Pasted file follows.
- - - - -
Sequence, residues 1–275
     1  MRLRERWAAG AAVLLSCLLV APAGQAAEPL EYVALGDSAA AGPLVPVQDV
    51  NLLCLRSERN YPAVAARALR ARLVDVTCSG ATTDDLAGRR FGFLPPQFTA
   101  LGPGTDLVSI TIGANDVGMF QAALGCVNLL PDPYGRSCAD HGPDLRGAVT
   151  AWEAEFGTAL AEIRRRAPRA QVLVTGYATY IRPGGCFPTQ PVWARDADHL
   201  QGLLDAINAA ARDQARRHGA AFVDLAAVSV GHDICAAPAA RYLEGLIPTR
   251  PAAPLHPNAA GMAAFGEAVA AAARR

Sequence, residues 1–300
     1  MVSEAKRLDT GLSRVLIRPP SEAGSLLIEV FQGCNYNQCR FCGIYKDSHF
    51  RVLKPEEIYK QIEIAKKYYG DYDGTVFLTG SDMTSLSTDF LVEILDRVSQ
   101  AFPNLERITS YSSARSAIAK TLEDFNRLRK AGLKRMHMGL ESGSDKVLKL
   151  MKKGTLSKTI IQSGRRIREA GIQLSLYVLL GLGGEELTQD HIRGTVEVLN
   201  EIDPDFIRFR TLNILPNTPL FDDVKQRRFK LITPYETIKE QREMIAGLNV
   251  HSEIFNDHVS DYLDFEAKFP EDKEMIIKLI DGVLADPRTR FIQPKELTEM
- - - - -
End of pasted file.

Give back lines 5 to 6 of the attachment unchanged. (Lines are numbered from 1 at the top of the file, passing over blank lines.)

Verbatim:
   151  AWEAEFGTAL AEIRRRAPRA QVLVTGYATY IRPGGCFPTQ PVWARDADHL
   201  QGLLDAINAA ARDQARRHGA AFVDLAAVSV GHDICAAPAA RYLEGLIPTR